For autistic youths entering adulthood, a new world of challenges awaits

Finding work, love, and independence can be especially difficult for those on the spectrum.

Luke Zenda, 19, caresses his cheek with a vacuum nozzle at Rising Tide Car Wash in Margate, Florida. Tom D’Eri started the business with his father to employ his brother and other autistic people. Family-run businesses that help autistic adults find work are increasingly common.

‘Guys! Remember: Above the neck! OK, go.’

We are practicing giving compliments at the PEERS Dating Boot Camp, a program for teens and adults with special needs who hope to find love. The participants, many with autism, are mostly in their mid to late 20s, but seem years younger. They come alone or with parents, caretakers, sometimes a sibling. Almost all live with their families. There’s lots of unfortunate facial hair, T-shirts from obscure bands (Radioactive Chicken Heads), noise-canceling headphones for the hearing-sensitive, plushy key rings hanging off backpacks.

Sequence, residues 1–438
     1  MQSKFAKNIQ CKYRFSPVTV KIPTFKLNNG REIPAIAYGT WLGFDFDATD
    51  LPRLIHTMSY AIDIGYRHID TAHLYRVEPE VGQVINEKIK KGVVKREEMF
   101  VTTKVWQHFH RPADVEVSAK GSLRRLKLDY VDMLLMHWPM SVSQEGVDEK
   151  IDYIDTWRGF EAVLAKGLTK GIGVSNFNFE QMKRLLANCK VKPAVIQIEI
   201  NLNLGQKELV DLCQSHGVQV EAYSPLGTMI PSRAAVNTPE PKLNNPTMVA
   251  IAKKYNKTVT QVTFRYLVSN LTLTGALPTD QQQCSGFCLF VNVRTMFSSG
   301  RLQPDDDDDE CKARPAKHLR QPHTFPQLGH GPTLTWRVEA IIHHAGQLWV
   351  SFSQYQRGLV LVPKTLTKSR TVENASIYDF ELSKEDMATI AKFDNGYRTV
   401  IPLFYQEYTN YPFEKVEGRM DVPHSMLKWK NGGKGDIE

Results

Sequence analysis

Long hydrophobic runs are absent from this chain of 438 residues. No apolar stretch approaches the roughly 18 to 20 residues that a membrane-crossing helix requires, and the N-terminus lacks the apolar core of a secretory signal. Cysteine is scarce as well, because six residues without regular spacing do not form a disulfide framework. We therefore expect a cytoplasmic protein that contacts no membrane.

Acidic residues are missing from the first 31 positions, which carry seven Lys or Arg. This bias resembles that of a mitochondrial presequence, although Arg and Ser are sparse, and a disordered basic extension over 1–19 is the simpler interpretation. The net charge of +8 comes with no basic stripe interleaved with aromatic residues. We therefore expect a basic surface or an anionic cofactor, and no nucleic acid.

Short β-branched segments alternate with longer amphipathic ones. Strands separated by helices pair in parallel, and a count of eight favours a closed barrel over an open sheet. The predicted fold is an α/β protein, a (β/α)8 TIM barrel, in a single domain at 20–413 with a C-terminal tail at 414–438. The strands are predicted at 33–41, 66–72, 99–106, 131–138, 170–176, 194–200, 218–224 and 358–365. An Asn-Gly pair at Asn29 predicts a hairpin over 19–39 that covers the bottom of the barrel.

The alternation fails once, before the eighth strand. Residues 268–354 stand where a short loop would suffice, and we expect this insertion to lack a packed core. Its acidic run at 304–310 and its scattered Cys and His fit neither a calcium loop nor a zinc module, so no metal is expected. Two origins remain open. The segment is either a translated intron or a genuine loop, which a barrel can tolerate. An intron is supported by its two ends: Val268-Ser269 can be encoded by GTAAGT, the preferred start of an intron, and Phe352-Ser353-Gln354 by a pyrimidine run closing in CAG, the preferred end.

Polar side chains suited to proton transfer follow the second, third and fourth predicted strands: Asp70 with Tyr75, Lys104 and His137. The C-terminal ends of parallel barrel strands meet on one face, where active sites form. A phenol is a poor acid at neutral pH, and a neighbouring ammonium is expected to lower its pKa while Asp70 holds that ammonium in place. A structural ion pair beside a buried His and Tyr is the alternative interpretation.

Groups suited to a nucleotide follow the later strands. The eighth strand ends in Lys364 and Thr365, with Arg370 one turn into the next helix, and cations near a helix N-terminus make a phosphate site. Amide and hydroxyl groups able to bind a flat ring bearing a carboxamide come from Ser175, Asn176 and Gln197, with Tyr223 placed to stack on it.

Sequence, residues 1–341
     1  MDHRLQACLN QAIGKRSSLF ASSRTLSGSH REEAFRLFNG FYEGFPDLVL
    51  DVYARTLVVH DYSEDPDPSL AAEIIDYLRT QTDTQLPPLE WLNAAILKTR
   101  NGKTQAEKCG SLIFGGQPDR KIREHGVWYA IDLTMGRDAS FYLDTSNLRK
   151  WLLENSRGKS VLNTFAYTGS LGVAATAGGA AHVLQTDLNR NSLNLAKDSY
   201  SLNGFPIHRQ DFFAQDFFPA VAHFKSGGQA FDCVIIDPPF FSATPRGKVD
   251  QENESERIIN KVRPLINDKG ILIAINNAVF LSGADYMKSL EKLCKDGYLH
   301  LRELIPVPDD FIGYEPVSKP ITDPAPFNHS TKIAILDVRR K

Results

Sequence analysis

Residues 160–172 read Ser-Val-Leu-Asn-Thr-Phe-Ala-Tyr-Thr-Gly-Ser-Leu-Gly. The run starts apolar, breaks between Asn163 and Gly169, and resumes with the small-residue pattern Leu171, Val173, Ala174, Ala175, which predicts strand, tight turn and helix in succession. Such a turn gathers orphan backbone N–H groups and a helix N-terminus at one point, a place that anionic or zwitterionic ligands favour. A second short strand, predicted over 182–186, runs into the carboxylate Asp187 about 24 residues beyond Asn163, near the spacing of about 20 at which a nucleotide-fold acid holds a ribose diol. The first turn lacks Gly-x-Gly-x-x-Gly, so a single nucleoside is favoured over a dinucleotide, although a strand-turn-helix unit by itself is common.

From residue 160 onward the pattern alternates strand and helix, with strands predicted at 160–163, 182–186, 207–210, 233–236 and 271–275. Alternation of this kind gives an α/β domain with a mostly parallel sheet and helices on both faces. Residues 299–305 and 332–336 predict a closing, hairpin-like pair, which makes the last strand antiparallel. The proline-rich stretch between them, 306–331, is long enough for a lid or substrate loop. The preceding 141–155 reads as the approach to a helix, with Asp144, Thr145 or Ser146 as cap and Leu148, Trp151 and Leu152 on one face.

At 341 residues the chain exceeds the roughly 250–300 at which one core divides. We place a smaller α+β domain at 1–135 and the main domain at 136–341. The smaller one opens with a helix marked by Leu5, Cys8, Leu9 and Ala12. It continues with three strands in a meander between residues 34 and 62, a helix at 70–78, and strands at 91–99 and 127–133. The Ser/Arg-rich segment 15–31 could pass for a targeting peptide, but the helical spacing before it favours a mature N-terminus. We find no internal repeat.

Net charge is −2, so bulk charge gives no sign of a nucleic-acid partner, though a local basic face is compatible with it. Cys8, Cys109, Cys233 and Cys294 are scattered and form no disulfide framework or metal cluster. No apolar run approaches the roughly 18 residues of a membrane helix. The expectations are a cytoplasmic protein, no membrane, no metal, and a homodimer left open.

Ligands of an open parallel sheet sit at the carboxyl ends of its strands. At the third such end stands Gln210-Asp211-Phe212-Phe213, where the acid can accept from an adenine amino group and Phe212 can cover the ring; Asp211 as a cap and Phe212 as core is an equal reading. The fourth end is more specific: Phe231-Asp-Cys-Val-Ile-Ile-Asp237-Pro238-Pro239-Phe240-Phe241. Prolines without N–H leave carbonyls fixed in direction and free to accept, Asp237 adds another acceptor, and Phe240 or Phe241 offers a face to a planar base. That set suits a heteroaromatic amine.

Reading social cues is difficult for those on the spectrum, so everyone here wants to know the rules. And when it comes to dating, there are a lot of rules. Dating coaches, either doctoral students or administrators in the neuroscience program at the University of California, Los Angeles are trying to explain them.

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